Study author Dr Douglas Brand, from The Institute of Cancer Research, said: ‘The new results from our clinical trial have shown that a much shorter course of higher-dose radiotherapy does not increase short-term side effects compared with the current standard of care. If the data on longer-term side effects and efficacy are also positive, we expect our trial could be practice-changing.

‘This would enable us to deliver curative treatment over fewer days, meaning that men would get the same benefit from their radiotherapy while having to spend less time in hospital.’

The Daily Mail is campaigning for an urgent improvement in prostate cancer treatments and diagnosis, which lag years behind other diseases such as breast cancer.

Alfred, 84, one of the patients to have the new treatment, said: ‘I only had to go into The Royal Marsden five times over two weeks.

‘I was made very comfortable and overall – not something I’d usually associate with cancer treatment – it was a breeze. I didn’t have many symptoms afterwards and was able to get back to my life. In the six years since, I’ve not had to have any further treatment.’

Some 15,000 men with prostate cancer receive radiotherapy every year, nearly a third of the 47,000 diagnosed in Britain annually.

The treatment is a highly effective way to tackle the disease, particularly if it is given at an early stage, when it permanently eradicates 60 per cent of tumours. But it can involve long-term side effects, including impotence, bowel problems and even bladder cancer.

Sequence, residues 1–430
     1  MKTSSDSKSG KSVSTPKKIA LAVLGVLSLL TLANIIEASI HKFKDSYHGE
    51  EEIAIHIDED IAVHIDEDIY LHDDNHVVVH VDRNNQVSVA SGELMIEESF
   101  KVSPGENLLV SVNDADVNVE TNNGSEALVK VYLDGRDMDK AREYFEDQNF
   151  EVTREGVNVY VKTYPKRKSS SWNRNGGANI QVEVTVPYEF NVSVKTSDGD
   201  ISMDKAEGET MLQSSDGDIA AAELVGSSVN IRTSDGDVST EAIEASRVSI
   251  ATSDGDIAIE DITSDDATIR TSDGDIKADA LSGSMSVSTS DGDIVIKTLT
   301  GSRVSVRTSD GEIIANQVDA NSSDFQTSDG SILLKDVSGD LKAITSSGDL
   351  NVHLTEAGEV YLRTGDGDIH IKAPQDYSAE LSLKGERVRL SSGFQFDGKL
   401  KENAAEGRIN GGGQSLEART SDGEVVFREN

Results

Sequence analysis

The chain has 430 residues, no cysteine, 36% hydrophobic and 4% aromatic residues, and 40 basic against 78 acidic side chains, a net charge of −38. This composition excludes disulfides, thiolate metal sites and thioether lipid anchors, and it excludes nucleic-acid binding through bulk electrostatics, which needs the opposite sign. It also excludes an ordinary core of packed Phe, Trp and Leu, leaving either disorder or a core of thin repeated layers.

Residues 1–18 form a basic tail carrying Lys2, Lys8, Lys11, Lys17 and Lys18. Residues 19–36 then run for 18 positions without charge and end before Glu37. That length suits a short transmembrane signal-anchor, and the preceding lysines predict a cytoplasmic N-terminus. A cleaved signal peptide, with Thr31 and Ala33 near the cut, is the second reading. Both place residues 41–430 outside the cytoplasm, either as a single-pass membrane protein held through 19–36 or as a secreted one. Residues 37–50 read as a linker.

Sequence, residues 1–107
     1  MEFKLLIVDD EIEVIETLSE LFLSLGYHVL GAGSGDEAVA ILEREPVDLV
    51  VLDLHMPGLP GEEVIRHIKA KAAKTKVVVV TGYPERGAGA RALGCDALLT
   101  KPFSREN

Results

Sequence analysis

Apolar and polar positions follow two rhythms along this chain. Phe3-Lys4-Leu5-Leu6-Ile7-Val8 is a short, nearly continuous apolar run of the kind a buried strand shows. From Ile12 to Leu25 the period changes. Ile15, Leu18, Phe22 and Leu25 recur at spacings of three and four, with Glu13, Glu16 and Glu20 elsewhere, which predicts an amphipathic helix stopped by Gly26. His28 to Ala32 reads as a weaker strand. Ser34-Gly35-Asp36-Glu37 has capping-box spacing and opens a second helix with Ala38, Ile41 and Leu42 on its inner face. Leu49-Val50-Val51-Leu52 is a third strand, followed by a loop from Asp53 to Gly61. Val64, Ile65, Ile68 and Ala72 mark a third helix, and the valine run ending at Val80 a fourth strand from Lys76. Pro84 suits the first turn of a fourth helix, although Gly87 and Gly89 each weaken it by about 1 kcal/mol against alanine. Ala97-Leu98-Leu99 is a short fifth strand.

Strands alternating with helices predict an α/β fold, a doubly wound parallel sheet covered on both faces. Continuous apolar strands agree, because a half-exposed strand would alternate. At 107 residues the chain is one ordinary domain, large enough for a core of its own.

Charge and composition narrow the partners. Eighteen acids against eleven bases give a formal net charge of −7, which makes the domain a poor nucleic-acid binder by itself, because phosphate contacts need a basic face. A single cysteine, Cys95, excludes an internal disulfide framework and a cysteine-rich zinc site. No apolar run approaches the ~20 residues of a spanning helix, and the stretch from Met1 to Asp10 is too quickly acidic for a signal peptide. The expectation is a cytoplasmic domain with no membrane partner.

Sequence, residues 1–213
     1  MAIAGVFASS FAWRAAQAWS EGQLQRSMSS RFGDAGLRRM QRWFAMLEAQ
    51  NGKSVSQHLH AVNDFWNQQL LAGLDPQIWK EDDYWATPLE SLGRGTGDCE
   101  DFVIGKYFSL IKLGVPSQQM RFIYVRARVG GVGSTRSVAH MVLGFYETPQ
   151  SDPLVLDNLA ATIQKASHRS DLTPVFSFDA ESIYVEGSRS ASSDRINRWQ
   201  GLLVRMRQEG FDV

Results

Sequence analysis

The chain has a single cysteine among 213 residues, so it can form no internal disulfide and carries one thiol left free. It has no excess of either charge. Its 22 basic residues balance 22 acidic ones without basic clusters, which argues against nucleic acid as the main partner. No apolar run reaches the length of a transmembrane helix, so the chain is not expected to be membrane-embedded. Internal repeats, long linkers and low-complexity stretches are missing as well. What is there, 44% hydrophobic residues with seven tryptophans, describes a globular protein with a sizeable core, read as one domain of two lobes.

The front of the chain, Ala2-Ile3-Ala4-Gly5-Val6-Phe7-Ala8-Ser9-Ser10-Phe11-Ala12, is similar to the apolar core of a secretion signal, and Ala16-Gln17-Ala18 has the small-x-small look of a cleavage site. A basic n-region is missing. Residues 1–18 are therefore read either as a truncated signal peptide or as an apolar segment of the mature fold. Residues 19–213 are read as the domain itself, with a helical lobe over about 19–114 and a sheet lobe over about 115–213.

The findings were published in the journal The Lancet Oncology.


Prostate cancer is the growth of tumours in the prostate gland.

Only men have a prostate, which is a walnut-sized gland between the rectum and the penis which creates a fluid to be mixed with sperm to create semen. 

How many people does it kill? 

More than 11,800 men a year – or one every 45 minutes – are now killed by prostate cancer in Britain, compared with about 11,400 women dying of breast cancer.

It means prostate cancer is behind only lung and bowel in terms of how many people it kills in Britain. In the US, the disease kills 26,000 each year. 

How quickly does it develop? 

Prostate cancer usually develops slowly, so there may be no signs someone has it for many years, according to the NHS. 

If the cancer is at an early stage and not causing symptoms, a policy of ‘watchful waiting’ or ‘active surveillance’ may be adopted. 

Some patients can be cured if the disease is treated in the early stages.

But if it diagnosed at a later stage, when it has spread, then it becomes terminal and treatment revolves around relieving symptoms.

Thousands of men are put off seeking a diagnosis because of the known side effects from treatment, including erectile dysfunction.

Tests and treatment 

There is no national prostate screening programme as for years the tests have been too inaccurate.

Doctors struggle to distinguish between aggressive and less serious tumours, making it hard to decide on treatment.

Men over 50 are eligible for a ‘PSA’ blood test which gives doctors a rough idea of whether a patient is at risk.

But it is unreliable. Patients who get a positive result are usually given a biopsy which is also not foolproof. 

Scientists are unsure as to what causes prostate cancer, but age, obesity and a lack of exercise are known risks. 

Anyone with any concerns can speak to Prostate Cancer UK’s specialist nurses on 0800 074 8383 or visit